Weekly Digest – May 10, 2023

Welcome back to our Weekly Digest. Read on for the latest updates and some ideas to help us all move forward.

WHO: COVID-19 Pandemic is no longer a public health emergency of international concern

The World Health Organization has announced that COVID-19 is no longer a public health emergency of international concern, although it still poses a global threat. The agency has warned that people are still dying from COVID-19 and that new variants remain a threat.

US proposes rules requiring airlines to compensate passengers for flight delays

The US Department of Transportation is proposing new rules that would require airlines to compensate passengers for various cancellations or disruptions caused by the airlines. Proposed rules would require airlines to offer cash compensation and accommodation vouchers in addition to refunds.

Passport wait times long as US preps for travel season

The wait for a passport has increased significantly due to higher demand and staff shortages. Currently, processing times for passports sit at around 10-13 weeks, with expedited applications due in 7-9 weeks. That does not include the 2 weeks to receive the application or the passport in the mail.

The most important thing Warren Buffett said Saturday, and it isn’t good news for the economy

Warren Buffett has said that the period of excessive spending following the COVID-19 pandemic and stimulus is over and many businesses have too much inventory they’ll need to sell off. Managers, responding to increased demand, overestimated how much stock they would need and now sit with too much, the result of which could be an earnings decline.

Biden, McCarthy aim to break US debt-ceiling standoff as default crisis looms

The US government will have to find a solution to the $31.4 trillion US debt ceiling to avoid a default before the end of May. President Joe Biden has asked lawmakers to raise the federal government’s self-imposed borrowing limit without conditions, but the Republican House of Representatives Speaker Kevin McCarthy said they will not approve any deal that does not cut spending.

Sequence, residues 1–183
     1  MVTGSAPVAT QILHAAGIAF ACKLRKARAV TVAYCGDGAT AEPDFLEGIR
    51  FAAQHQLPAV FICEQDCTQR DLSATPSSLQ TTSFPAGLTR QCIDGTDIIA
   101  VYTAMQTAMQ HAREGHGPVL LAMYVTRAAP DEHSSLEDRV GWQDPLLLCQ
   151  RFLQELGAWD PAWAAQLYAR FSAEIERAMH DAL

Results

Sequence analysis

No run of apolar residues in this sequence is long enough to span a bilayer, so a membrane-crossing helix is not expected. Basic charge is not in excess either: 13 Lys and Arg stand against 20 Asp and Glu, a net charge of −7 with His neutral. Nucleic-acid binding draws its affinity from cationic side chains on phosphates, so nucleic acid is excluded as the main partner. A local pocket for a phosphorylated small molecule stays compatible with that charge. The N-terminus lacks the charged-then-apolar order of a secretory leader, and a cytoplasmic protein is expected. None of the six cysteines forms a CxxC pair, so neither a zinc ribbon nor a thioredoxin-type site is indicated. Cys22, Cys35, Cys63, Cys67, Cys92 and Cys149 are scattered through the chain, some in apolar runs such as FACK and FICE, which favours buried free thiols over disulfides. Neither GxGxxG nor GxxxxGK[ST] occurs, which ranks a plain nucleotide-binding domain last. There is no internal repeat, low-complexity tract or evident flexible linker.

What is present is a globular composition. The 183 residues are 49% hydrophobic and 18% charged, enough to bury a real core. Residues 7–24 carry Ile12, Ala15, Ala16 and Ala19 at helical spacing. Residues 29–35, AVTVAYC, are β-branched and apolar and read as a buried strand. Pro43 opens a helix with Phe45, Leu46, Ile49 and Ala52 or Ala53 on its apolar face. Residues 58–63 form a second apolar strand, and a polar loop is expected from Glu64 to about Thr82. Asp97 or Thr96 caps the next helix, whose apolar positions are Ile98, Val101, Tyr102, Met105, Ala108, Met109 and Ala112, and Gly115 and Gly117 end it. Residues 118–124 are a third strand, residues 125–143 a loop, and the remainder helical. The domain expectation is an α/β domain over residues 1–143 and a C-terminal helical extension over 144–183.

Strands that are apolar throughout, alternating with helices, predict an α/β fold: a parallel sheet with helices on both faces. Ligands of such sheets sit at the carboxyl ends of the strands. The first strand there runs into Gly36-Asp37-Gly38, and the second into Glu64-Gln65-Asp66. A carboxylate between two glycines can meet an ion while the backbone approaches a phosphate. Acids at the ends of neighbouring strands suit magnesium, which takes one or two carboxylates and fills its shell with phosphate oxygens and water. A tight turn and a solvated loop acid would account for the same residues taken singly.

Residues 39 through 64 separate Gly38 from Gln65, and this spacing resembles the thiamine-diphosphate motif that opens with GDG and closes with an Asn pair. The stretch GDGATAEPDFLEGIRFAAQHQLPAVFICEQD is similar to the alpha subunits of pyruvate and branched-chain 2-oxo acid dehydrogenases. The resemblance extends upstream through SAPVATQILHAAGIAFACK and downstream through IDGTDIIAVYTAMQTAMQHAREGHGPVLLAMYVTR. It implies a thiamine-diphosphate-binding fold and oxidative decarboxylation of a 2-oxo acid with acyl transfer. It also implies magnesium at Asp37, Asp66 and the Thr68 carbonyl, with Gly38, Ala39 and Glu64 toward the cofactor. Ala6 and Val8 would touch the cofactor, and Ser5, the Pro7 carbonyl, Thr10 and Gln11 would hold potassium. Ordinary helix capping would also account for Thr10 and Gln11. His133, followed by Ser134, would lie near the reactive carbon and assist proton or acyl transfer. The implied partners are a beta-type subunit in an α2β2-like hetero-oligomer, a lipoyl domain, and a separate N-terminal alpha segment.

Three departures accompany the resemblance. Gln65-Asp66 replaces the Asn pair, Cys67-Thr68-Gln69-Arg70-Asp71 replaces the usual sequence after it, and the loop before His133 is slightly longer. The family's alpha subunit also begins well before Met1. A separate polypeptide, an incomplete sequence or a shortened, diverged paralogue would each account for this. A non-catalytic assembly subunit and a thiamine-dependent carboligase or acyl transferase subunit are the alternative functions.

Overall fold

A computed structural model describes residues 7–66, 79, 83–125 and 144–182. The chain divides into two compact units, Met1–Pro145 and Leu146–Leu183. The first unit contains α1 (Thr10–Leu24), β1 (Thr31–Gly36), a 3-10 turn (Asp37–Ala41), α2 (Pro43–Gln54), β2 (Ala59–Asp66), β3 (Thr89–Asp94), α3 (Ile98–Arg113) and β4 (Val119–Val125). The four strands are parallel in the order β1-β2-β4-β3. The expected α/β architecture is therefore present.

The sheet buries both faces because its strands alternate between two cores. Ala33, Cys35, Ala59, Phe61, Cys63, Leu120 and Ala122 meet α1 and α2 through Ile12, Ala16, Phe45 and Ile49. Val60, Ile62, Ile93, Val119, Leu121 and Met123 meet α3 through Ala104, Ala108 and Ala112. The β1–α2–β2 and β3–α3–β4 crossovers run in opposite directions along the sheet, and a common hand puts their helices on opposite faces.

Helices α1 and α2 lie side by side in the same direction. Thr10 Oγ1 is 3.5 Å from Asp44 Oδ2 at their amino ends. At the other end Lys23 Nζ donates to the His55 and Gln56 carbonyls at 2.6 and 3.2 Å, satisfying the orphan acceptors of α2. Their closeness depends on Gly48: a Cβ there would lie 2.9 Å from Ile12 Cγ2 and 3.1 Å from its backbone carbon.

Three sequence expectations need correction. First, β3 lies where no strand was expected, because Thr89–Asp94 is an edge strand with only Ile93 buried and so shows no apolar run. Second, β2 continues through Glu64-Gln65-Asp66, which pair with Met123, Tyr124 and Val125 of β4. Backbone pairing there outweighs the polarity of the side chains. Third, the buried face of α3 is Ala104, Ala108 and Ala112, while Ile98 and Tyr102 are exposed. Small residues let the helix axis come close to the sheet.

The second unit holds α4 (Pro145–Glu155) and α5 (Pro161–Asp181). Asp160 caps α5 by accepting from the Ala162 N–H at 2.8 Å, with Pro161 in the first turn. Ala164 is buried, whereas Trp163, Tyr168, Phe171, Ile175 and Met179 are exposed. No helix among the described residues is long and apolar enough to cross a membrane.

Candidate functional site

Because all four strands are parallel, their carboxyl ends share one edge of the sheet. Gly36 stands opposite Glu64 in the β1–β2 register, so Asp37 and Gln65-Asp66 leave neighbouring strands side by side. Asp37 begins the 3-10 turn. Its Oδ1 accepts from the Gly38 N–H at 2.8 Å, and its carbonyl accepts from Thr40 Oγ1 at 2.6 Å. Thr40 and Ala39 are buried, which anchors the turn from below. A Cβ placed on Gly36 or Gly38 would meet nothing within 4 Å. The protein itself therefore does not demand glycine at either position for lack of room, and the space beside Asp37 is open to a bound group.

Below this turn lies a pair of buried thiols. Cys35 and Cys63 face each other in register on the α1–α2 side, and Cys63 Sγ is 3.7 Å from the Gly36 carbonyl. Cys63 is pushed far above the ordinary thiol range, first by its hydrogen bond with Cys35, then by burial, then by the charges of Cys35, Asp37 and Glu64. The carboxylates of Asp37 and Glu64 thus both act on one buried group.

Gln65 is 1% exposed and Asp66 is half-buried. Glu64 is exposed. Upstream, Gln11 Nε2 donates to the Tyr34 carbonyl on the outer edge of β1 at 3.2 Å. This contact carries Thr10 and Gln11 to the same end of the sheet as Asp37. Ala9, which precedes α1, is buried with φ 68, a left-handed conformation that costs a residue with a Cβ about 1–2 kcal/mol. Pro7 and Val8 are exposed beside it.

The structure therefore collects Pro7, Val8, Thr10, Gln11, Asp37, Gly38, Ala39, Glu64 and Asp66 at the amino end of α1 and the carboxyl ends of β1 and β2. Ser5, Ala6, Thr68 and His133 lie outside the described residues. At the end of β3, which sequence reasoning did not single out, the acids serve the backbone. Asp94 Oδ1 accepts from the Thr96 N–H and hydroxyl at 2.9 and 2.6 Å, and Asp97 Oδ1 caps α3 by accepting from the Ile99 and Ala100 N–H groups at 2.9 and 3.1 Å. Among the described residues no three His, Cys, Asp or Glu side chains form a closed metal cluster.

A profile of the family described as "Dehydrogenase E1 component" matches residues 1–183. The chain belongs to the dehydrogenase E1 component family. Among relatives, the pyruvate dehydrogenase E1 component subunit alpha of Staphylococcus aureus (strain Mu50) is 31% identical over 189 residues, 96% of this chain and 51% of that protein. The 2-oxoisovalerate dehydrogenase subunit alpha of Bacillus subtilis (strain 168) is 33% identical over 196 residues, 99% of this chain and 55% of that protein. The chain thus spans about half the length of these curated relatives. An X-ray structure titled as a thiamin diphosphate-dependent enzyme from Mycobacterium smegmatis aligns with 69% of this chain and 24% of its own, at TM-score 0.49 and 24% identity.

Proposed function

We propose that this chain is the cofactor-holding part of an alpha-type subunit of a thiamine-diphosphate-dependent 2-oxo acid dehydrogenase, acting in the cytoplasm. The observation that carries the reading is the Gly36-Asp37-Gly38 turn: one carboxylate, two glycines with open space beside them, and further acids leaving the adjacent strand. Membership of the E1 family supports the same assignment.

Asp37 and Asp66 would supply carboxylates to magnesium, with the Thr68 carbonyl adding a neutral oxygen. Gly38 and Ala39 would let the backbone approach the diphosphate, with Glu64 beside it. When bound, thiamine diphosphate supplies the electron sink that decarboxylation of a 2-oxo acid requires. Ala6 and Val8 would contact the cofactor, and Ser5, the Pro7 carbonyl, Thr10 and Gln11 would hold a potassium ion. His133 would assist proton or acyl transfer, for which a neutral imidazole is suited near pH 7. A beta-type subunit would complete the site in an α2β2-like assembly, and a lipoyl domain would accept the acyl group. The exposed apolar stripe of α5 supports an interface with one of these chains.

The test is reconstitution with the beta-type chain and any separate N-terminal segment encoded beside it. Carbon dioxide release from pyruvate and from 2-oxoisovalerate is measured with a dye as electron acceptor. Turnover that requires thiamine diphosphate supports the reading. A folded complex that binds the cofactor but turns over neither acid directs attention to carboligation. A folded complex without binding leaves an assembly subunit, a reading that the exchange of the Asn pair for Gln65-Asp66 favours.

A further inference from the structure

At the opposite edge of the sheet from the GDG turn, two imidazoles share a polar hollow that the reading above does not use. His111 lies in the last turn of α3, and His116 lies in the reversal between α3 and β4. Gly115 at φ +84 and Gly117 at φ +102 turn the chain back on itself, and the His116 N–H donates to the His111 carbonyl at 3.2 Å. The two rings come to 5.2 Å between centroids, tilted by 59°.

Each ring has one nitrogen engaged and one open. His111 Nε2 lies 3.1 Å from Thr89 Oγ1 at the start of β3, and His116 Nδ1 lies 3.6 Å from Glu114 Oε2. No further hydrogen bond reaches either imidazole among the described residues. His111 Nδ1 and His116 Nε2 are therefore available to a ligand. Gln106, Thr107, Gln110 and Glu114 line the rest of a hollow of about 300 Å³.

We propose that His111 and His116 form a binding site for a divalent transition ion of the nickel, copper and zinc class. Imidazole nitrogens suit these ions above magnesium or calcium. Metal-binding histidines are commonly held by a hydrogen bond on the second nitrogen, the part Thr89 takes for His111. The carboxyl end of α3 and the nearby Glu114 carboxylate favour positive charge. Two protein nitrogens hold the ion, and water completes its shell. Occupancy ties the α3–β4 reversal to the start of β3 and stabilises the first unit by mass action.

Will the US default on debt? A really simple guide to debt ceiling

A debt ceiling is a law that limits the amount of money the government can borrow to pay its bills. If the debt ceiling isn’t raised, the government may not be able to pay the salaries of federal and military employees, parks would be shut down, and weather services closed. Here’s more information on what the debt ceiling is and what it means for the economy.

Disney expands lawsuit against DeSantis after governor signs bill to void land deals

Disney expanded its federal lawsuit against Florida Gov. Ron DeSantis, accusing the governor of waging a “retribution campaign” against the company by voiding Disney’s development deals. Disney alleges the retaliation began after the company publicly criticized a controversial Florida bill that limits discussion of sexual orientation and gender identity in classrooms.

Buckingham Palace releases official coronation portraits

King Charles III and Queen Camilla released a message of thanks following the King’s coronation. Along with the message, the palace released four official photographs of the King, Queen, and members of the royal family taken at Buckingham Palace. King Charles III’s official coronation took place on May 6, at a ceremony at London’s Westminster Abbey.

No end in sight for the writers strike as talks break off and both sides brace for long standoff

The Writers Guild of America is on strike after failing to reach a deal with the Alliance of Motion Picture and Television Producers. So far, no new talks have been scheduled, with the WGA saying the work stoppage could last for months.

AI pioneer quits Google to warn about the technology’s ‘dangers’

Geoffrey Hinton, a pioneer of AI, has left his job at Google so he could speak freely about the dangers of AI. In interviews, Hinton expressed concerns that AI would eliminate jobs, and create a world where many people would not be able to know what is true any more. Hinton said he thought that world was 30 to 50 years away, which he no longer believes.

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